KITCHEN

Tak­ing its style cues from the orig­i­nal 19th-cen­tury farm­house, this fam­ily kitchen in a new ex­ten­sion is a les­son in wel­com­ing coun­try chic

Homes & Gardens - - CONTENTS -

Set in a new ex­ten­sion, this scheme takes its cues from the orig­i­nal 19th-cen­tury farm­house.

CAN YOU DE­SCRIBE THE PROP­ERTY?

It is a beau­ti­ful five-bed­room 19th-cen­tury farm­house in Hamp­shire. This kitchen is ac­tu­ally in a new ex­ten­sion; the orig­i­nal kitchen was in a small, dark room with oak cab­i­nets at the back of the prop­erty. By ex­tend­ing, the own­ers not only gained a big­ger, more so­cia­ble space, but the light lev­els and views were vastly im­proved.

HOW DID YOU PLAN THE LAY­OUT?

We fo­cused on cook­ing, eat­ing and en­ter­tain­ing with a sim­ple L-shape run of units, an is­land and a din­ing table. We used the ever-faith­ful work­ing tri­an­gle for­ma­tion for the sink, oven and fridge to max­imise ef­fi­ciency while prep­ping, cook­ing and clean­ing.

WHAT IN­SPIRED THE OVER­ALL LOOK?

We had a good un­der­stand­ing of the own­ers’ life­style and tastes, but the build­ing’s ar­chi­tec­ture, with its tra­di­tional stonework and sash win­dows, also strongly in­flu­enced the dé­cor. As this kitchen is the home’s so­cial hub, we wanted it to be calm, com­fort­able and wel­com­ing. Tak­ing in­spi­ra­tion from the orig­i­nal farm­house’s char­ac­ter, we col­lated a pal­ette of neu­tral, sooth­ing colours and tex­tures to give it a mod­ern lift. The ceil­ing was pan­elled in white-washed tim­ber and we chose crisp paint shades for the cab­i­netry. The units are in an ar­che­typal coun­try style and the dresser in the din­ing area is also im­bued with ru­ral charm.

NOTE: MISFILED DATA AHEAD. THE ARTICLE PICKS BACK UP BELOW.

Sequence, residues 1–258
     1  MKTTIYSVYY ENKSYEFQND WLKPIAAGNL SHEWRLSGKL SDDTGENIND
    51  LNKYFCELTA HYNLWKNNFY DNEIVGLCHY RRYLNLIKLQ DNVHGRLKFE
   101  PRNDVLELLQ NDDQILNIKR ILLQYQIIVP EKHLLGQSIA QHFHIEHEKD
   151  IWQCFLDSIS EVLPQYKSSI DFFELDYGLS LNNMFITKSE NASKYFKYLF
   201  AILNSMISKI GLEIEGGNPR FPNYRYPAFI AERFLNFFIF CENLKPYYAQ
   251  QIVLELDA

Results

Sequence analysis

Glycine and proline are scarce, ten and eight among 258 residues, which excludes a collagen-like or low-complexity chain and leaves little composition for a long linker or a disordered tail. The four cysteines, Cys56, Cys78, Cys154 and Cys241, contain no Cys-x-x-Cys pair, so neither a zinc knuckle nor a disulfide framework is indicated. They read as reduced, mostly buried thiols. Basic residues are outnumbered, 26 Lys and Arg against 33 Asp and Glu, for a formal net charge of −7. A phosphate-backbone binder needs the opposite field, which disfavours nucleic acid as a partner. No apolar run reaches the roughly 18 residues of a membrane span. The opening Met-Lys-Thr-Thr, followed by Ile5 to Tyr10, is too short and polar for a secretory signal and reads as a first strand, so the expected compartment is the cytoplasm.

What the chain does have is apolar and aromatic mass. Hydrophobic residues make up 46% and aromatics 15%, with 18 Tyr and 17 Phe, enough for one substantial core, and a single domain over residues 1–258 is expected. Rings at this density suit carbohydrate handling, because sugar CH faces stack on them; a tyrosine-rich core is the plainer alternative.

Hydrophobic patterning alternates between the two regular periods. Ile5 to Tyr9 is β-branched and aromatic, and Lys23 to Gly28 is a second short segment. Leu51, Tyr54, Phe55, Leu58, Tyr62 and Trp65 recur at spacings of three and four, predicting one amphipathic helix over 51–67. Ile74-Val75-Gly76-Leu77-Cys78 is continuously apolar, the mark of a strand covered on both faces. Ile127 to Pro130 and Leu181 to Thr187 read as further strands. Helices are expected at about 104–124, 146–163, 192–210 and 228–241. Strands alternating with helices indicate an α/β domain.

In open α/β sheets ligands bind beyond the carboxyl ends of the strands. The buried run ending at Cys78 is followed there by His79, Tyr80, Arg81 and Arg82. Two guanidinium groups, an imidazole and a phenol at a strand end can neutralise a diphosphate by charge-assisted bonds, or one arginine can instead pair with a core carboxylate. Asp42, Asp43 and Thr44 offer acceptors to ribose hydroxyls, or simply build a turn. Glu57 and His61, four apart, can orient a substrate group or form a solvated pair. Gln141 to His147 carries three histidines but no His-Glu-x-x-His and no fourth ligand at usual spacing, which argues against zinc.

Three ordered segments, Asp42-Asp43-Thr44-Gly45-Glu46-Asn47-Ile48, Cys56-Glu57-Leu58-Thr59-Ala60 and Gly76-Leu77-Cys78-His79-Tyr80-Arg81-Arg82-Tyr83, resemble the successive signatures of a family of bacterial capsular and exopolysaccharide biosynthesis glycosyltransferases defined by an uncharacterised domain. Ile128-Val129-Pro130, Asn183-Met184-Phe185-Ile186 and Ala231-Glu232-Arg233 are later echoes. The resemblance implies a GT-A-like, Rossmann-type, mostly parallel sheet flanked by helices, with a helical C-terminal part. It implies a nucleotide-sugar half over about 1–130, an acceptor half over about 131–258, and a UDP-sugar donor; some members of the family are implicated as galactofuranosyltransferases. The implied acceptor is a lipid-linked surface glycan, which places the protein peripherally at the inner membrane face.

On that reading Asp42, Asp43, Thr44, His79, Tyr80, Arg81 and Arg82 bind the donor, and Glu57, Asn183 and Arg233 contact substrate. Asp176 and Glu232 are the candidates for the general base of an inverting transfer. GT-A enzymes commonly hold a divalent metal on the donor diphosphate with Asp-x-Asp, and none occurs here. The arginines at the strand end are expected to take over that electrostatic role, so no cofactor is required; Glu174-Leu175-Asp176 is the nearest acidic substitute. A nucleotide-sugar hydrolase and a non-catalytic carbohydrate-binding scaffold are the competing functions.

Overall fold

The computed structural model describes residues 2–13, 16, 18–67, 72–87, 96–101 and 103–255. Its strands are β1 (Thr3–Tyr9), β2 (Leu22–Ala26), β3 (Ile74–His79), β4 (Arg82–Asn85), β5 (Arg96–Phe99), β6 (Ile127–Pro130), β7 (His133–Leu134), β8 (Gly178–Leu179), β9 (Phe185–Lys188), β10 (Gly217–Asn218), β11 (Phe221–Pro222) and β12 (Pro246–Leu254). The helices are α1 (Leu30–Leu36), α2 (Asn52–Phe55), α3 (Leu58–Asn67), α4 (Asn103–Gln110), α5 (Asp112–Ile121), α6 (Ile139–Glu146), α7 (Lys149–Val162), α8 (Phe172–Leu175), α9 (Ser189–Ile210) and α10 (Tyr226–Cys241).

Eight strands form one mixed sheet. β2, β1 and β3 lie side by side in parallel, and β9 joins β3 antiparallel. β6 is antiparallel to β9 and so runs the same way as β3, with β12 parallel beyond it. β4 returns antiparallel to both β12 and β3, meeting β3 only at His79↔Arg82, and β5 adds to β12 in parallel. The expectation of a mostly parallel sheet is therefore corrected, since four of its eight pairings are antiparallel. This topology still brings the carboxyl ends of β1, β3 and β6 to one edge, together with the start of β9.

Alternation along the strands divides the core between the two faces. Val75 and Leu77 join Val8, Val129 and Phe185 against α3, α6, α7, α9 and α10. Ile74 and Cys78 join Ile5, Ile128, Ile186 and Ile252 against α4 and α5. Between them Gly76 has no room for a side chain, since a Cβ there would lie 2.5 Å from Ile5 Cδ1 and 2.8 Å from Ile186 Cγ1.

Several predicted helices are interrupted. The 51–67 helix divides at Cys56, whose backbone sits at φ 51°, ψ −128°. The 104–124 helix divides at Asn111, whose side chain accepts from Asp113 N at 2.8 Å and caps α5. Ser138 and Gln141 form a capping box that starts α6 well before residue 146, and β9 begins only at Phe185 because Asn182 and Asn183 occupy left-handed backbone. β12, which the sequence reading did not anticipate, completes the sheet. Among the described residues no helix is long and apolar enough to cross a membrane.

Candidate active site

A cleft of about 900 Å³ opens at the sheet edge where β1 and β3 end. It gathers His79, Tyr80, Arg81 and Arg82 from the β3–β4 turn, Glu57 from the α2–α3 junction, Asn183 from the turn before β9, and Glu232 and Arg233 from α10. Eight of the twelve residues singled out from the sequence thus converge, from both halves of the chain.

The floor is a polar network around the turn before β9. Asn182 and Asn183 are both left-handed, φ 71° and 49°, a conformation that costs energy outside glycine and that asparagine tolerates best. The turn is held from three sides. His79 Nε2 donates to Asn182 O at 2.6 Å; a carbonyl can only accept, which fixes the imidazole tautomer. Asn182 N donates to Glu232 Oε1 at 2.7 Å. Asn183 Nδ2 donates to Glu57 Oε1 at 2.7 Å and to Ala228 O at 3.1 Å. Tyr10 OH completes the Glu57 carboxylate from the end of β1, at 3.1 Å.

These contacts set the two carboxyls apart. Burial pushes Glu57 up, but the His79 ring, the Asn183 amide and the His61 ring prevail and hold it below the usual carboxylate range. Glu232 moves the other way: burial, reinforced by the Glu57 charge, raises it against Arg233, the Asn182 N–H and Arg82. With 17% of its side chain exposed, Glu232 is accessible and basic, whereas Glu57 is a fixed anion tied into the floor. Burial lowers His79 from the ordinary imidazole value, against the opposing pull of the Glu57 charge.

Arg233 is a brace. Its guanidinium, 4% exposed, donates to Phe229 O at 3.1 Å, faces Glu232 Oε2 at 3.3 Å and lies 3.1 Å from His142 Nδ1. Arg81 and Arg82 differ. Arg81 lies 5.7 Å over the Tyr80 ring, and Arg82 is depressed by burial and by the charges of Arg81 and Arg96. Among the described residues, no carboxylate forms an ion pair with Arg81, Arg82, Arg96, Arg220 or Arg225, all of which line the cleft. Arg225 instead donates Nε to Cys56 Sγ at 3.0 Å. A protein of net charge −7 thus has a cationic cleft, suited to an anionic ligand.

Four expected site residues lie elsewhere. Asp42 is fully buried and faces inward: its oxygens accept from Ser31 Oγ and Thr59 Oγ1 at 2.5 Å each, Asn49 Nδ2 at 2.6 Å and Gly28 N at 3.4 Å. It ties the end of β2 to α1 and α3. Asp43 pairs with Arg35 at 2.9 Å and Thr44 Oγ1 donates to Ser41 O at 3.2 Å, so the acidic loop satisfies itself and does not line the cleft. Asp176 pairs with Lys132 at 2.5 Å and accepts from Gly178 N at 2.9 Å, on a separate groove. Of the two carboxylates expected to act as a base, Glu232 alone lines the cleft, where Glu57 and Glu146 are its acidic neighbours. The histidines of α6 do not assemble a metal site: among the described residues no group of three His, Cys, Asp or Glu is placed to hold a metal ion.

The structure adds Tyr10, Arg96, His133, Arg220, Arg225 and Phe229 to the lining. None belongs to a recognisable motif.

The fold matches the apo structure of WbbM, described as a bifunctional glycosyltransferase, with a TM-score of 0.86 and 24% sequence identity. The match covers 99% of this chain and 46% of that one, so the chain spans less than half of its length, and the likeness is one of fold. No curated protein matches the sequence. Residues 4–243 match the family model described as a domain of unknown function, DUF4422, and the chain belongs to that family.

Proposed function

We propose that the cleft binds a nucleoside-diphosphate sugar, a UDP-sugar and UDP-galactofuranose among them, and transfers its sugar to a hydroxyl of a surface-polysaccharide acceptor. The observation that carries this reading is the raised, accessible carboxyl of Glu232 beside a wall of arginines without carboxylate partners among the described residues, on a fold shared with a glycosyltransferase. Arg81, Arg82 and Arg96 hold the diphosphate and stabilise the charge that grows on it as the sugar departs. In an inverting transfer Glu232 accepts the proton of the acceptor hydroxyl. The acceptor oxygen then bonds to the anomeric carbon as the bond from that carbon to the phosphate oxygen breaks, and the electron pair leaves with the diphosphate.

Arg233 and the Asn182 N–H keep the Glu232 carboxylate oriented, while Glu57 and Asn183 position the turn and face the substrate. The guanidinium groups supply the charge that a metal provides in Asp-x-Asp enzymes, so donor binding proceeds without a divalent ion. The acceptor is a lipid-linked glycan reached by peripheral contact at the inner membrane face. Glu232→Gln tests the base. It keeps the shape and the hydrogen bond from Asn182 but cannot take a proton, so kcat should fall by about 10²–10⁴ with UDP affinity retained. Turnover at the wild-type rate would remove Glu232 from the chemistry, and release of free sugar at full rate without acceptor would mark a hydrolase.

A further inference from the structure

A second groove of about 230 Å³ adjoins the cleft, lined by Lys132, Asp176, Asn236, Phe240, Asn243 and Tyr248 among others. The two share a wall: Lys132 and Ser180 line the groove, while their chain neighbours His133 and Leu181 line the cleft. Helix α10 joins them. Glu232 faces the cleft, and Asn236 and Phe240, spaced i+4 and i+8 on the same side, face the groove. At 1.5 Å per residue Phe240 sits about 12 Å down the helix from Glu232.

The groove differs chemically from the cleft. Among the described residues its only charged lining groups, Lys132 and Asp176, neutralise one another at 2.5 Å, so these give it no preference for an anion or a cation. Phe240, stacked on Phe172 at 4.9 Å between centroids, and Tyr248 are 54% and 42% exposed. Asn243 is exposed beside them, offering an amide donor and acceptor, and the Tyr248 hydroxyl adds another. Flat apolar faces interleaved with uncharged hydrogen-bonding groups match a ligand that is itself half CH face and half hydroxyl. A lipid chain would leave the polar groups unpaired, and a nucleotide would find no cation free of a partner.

AND THE OTHER MA­TE­RI­ALS AND FIN­ISHES?

For the work­tops, we chose a blue-grey gran­ite with a honed fin­ish. It has just enough colour to lift the room’s pale pal­ette and is very durable and fam­ily friendly. The walls are painted in a warm neu­tral tone that works well with the pale cab­i­nets and oak sur­faces.

WHY ARE THERE NO WALL CAB­I­NETS?

Tall larders make bet­ter use of the ver­ti­cal stor­age potential, es­pe­cially in a room with a high ceil­ing. It is best to con­tain tall stor­age in one area to pre­vent it over­pow­er­ing the space, so we in­stalled two tall larders side-by-side, one of which houses a fully in­te­grated fridge. We then added a slim-line shelv­ing unit for dec­o­ra­tive de­tail and cook­ery books.

WHAT AP­PLI­ANCES DID YOU CHOOSE?

The only vis­i­ble appliance is the range cooker, which is an elec­tric model that the own­ers chose for its en­ergy ef­fi­ciency and am­bi­ent heat. We had a ro­bust oak-clad man­tel built above it, with plas­tered cor­bels to mimic a hearth. All other ap­pli­ances are fully in­te­grated to main­tain the feel of a tra­di­tional farm­house kitchen.

CAN YOU TELL US ABOUT THE LIGHT­ING?

Wall and pen­dant lights above the is­land can be used in­de­pen­dently from the down­light­ing, which is im­por­tant in a mul­ti­func­tional room. At the flick of a switch, the kitchen can be trans­formed into a softly lit din­ing room.

ABOVE Pen­dant lights above the is­land have tele­scopic ad­just­ments so that they can be po­si­tioned at dif­fer­ent heights as re­quired. BE­LOW Clas­sic coun­try fea­tures, such as painted fur­ni­ture and a large ce­ramic sink, are in keep­ing with the tra­di­tional farm­house style and make the kitchen feel homely.

DE­SIGNER Garry Meakins, head of de­sign, Sims Hilditch, 01249 783087, simshilditch.com.

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